Teaching New Dogs Old Tricks: lessons on leadership from a master of ministry

A new year brings a new blog post! And I desperately need to get reacquainted with my blogging so I’m thought I’d do that by sharing some insights as I get reacquainted with an old hero of mine.

John Stott

I have finally got around to reading Timothy Dudley Smith’s biography of John Stott. It is excellent, a little daunting being two volumes in length, but excellent!

First up I need to acknowledge a personal bias, I’ve always been a bit of a fan of Stott, he was the man God used in me giving my life to Jesus, but reading through Dudley Smith’s biography has reminded me of how much younger generations, interested in being strategically missional, can learn from this visionary leader.

So, over the next two or three posts I hope to put a spotlight on a handful of ‘leadership lessons’ that can be learnt through Stott’s own expertise as an effective leader, demonstrated in his ministry at All Souls and throughout the world as the leader of a new evangelical movement.

1) Effective leaders are excellent innovators

At the heart of the rapid growth All Souls experienced was a change in the culture of evangelism within the church. In 1950 lay leadership, training schools and ‘every member ministry’ were ‘radically new’ ideas ( Dudley Smith, vol 1.  281). Becoming rector in 1950, Stott identified evangelism as his number one priority and the means of faithful church growth. He developed a 6 month training school for evangelism that equiped  and commissioned lay leaders to present the gospel and counsel new converts. The effectiveness of the Training School was given expression through a campaign of monthly ‘guest services’, where over the course of a few years 1000 people took up the invitation to remain after the guest service where they would meet with the newly trained and commisioned counselors.

Innovative ministries were not only initiated by Stott, at All Souls but internationally. He created a fellowship of evangelical Anglican clergy in England that exploded into EFAC, he founded The London Institute which sought to give a public platform for thoughtful theological responses to current issues. The London Institute was no doubt the fruit of Stott’s involvement with the Lausanne Movement of the 70’s.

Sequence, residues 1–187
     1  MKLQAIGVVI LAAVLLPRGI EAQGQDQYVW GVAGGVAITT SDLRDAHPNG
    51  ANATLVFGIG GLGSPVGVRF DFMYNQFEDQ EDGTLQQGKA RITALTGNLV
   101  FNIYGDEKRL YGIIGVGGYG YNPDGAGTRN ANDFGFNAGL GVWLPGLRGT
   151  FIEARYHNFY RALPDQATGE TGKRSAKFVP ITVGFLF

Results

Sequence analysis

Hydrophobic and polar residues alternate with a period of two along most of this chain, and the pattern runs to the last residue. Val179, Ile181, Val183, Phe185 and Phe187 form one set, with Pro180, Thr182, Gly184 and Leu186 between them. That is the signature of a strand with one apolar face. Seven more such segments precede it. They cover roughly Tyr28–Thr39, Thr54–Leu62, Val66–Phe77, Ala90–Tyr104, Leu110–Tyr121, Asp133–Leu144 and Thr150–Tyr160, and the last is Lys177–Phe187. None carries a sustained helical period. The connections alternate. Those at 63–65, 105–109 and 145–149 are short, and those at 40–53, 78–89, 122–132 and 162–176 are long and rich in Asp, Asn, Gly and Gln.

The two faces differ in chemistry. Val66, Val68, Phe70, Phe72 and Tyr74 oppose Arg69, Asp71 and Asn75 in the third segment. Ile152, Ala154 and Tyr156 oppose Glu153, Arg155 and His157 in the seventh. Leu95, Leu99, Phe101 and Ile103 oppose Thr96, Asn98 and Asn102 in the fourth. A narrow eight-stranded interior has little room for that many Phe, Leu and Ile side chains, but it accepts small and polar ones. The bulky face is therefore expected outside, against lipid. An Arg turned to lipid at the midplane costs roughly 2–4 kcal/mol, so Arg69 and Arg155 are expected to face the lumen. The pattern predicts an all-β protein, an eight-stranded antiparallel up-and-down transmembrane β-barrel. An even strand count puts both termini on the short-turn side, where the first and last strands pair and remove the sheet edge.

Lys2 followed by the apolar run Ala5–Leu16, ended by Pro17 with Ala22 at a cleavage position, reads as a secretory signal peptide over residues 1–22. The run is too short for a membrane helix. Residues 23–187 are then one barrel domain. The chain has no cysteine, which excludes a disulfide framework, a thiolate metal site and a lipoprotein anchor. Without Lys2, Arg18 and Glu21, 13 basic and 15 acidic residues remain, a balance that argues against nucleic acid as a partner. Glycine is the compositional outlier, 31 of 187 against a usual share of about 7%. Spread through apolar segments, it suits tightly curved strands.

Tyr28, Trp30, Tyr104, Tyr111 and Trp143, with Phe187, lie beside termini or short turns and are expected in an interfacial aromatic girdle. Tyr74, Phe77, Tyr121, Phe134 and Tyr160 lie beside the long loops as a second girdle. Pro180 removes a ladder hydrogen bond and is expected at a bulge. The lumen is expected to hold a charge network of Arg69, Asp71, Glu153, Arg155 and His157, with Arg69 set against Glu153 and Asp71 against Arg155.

2) Effective leaders are often highly gifted administrators

Reading through stories about Stott’s years of ministry experience, there’s a sort-of annoying ease at which he appears to be able to make things happen. A certain efficiency and effectiveness is demonstrated that very evidently achieved great results. This, I think, is a quality that many (including myself) admire and appreciate in leaders. Just think of more recent leaders like Mark Driscoll whose giftedness as an administrator is obvious when you consider the speed at which he has been able to help create and shape mass movements and organizations.

Stott, I think, is similarly gifted, yet for him this gift did not come without hardwork. As a leader he is remarkably disciplined and efficient with his time, Dudley Smith tells of how, during his university days, Stott would have a sign on his college door saying ‘Working 8am-8pm. Please do not disturb unless urgent.’!

3) Effective leadership is often in the context of a versatile urban ministry

All Souls Langham Place under Stott was a Biblically faithful and rapidly growing church in an area of London not too dissimilar to parts of urban Sydney. An area of contrast; with young, rich, trendy cool cats mixed into an area with people far below the poverty line, and directly across the road from the church building – the BBC’s Broadcasting House. Faithful urban ministry in such a context needs to include people from every background, not neglecting the rich for the poor, the poor for the rich and making the most of a strategic location next to the city’s media centre.

During the early years of Stott’s time as Rector, All Souls developed a number of ministries that are now common among influential urban churches, be that lunch time expositions or inner city-fringy-youth groups. But surprisingly (to me) was Stott’s hands on approach in serving  the poor and marginalized. Dudley Smith records how  Stott would often dress himself in old, torn clothing, let his appearance go a little and spend 2 nights living on the streets of London. His desire was to be able to identify with the large number of homeless people All Souls ministered to. How excellent is that?! Lots of us wish to be effective leaders, but I’m not sure many of us would wish to be that radical!

More to come…

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6 Responses to “Teaching New Dogs Old Tricks: lessons on leadership from a master of ministry”

  1. Miss J. Whitcombe Says:

    “The proof of the pudding is in the eating.”

  2. Miss J. Whitcombe Says:

    I received assurance of salvation from reading John Stott’s booklet “Becomng a Christian”.

  3. Miss J. Whitcombe Says:

    I have yet to discover – and this was in the early sixties – whether I got 100% or Fail for doing Stott’s Training School i.e. was my test paper marked “50” out of 50″ or 50 out of 100? No one seems to know!

  4. Miss J. Whitcombe Says:

    This seems to be an awful mess!!

  5. Miss J. Whitcombe Says:

    Of course I was at All Souls’ when I did John Stott’s Training Course.

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